Review: Masyu by Nikoli (3DS eShop)

Circle gets the square

The ...by Nikoli series is nothing new to the eShop, but Masyu by Nikoli stands out for being a puzzle of Nikoli's own creation. This means that if you'd like to play it, more than likely this will be your only option on the service. Therefore the question really boils down to whether or not that puzzle is worth seeking out on its own; fortunately, it definitely is. Unfortunately, as with Nikoli's previous releases, the presentation leaves quite a bit to be desired.

The rules of Masyu are simple: the board is laid out as a grid and each square either contains nothing, a white circle, or a black circle. Your goal is to draw a single, unbroken line through each of these circles. Simple, right?

Well, no. Each circle has a precise set of requirements. White circles, for instance, need to have a straight line drawn through them, and that line must turn 90 degrees either immediately before or immediately after it passes through the circle. Black circles, on the other hand, have the opposite requirements: the line must turn 90 degrees upon passing through the circle, but must remain straight immediately before and immediately afterward. Oh, and you can't cross existing lines or connect at more than one point. As you might imagine, it's not difficult to turn a simple grid into a fiendishly strict logic puzzle with rules such as these, and Masyu absolutely comes out swinging.

Each of its 50 premade puzzles are divided into three levels of difficulty, and you unlock more as you go. Nicely, the tiers aren't as separate as you might think, with each one containing a mix of easy, medium and hard puzzles, rather than getting all of the easy ones out of the way up front and saving the hard ones for last. This allows you to get a taste of what Masyu is really capable of, and also gives you a chance to try those puzzles and apply what you've learned to easier ones.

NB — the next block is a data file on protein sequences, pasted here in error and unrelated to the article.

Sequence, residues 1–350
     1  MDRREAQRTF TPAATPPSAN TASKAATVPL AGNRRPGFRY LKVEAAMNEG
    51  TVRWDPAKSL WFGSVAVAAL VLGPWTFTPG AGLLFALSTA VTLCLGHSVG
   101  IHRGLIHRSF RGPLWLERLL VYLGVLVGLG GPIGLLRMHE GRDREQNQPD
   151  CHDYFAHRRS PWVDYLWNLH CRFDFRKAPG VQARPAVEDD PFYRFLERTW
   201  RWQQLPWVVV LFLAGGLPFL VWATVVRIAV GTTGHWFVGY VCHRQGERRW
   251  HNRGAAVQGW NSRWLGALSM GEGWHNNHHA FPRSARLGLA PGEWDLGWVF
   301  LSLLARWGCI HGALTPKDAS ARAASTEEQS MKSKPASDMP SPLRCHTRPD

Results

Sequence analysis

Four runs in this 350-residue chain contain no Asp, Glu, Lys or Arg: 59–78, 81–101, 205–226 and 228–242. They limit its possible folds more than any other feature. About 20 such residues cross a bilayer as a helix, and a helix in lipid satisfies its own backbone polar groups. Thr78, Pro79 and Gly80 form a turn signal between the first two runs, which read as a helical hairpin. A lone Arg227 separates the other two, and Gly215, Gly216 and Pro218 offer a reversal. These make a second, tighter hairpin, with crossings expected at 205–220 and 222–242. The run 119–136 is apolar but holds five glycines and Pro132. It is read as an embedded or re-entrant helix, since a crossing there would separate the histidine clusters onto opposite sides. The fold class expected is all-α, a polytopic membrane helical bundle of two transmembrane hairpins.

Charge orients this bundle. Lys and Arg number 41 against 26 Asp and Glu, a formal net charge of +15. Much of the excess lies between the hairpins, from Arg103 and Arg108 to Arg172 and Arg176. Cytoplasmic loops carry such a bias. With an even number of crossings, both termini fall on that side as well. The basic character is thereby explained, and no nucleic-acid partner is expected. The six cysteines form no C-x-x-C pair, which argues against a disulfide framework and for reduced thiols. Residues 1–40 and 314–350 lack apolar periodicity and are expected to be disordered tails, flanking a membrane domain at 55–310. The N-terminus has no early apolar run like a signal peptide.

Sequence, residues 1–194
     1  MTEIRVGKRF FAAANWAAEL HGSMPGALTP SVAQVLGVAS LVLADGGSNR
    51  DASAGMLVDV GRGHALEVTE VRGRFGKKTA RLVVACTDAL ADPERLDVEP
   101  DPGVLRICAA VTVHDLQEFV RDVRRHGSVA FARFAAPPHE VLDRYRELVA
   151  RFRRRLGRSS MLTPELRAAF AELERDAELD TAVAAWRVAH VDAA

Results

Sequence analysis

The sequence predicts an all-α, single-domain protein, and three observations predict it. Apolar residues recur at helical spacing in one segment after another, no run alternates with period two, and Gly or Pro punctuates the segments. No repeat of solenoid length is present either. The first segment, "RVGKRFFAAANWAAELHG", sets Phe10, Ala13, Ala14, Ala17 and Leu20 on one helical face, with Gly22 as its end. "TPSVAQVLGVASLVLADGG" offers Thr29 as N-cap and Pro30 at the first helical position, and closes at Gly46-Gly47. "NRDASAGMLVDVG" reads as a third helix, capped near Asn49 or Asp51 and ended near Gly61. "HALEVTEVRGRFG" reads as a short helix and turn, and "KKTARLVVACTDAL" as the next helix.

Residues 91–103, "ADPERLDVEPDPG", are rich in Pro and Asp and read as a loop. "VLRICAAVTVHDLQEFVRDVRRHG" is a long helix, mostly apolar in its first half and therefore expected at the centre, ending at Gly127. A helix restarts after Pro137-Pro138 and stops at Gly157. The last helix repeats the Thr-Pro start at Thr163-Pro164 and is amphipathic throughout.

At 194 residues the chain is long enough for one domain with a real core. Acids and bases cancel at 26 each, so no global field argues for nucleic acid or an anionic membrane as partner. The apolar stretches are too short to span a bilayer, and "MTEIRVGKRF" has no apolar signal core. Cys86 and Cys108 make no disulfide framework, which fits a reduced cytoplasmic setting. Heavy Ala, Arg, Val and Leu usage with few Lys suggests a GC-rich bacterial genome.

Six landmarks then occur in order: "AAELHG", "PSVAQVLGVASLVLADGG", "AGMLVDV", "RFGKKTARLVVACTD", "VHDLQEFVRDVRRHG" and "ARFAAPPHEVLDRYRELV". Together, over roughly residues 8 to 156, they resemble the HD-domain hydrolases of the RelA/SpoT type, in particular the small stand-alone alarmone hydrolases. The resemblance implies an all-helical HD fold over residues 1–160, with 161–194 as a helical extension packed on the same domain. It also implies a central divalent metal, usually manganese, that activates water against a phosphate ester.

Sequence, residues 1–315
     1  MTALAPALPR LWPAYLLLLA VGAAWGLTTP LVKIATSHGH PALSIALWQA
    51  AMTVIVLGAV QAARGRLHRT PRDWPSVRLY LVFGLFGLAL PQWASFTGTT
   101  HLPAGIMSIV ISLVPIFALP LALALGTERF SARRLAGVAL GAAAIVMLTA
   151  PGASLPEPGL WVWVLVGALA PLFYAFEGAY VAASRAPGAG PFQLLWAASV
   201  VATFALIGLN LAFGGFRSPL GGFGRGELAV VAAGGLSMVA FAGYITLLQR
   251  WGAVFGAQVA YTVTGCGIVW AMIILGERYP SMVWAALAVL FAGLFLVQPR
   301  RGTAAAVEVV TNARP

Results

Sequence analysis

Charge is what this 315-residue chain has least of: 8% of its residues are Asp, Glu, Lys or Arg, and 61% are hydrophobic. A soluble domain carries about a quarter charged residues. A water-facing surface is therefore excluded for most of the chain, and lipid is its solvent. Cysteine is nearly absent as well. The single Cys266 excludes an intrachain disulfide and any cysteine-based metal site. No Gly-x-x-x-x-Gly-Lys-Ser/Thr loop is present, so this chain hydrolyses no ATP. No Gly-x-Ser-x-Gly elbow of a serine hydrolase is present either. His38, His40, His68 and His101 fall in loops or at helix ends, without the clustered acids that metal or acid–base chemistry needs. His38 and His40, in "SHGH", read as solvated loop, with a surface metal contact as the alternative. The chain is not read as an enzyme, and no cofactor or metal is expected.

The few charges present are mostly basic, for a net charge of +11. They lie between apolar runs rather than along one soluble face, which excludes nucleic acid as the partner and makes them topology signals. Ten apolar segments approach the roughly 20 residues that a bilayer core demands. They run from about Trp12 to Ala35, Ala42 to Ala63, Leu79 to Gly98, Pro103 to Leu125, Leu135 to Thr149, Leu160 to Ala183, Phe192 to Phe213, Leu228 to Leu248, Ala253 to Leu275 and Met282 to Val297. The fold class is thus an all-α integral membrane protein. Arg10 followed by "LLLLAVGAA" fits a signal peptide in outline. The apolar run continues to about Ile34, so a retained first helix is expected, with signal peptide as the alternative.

Every puzzle in this game offers legitimate challenge, which is good. There's also an option for randomized puzzles, which extends the lifespan of the experience indefinitely. That's also good. Additionally there is a two-player race mode that requires two copies of the game, but that's not likely to be something that will entertain many gamers. After all, sitting quietly beside each other while connecting circles for the better part of an hour is not likely to factor into anyone's idea of a fun weekend.

So far, so good. Unfortunately the game really stumbles with its presentation and controls.

For starters, visually it's rather dull. We're willing to give this a pass, as it's a puzzle game centered on lines on circles, but it's worth bringing up. There is a 3D effect to the menus, but it's genuinely worthless.

Aurally, however, the game is awful. Its only track isn't poorly composed, per se, but it's entirely too short, and it loops maddeningly. Many puzzles have par times of 60 minutes or more, and beating those times is always difficult; to have that same 15 second track looping that entire time, it practically begs you to silence it and put on some music of your own instead.

The real disappointment here, however, is the controls. Just as we're willing the give the game a pass visually for the sake of its own simplicity, that's exactly why we can't go easy on the controls. There's no reason for a game that revolves around the simple, gradual tracing of straight lines to be this finicky. Lines snap and connect and drift on their own, and often don't line up with the area of the grid you touched with your stylus. Erasing is handled the same way as drawing — by touching and dragging the stylus — so you can imagine how frustrating that gets when the game regularly mistakes one for the other.

What's more, it has an irritating and needless tendency to connect lines for you. Draw a straight line next to another straight line, and you'll almost always find it linking the two at each adjacent cell. Why it's so eager to do this is beyond us, considering the fact that lines are never allowed to touch in a viable solution anyway. It's a problem introduced by the game itself, and not something that a player would ever want to be doing to begin with.

It's an unfortunately thoughtless design choice that makes the process of solving these puzzles more arduous than it should be, and it distracts players from focusing on the task at hand.

Conclusion

Masyu by Nikoli does earn our recommendation, particularly to puzzle fans looking for some interesting variety in their daily diets of Sudoku and Kakuro, but the presentation and controls on offer here do mar the otherwise satisfying experience of solving it. For hardcore puzzle fans it's unquestionably worth playing, but others may be put off by the game's steep difficulty and picky touchscreen controls.

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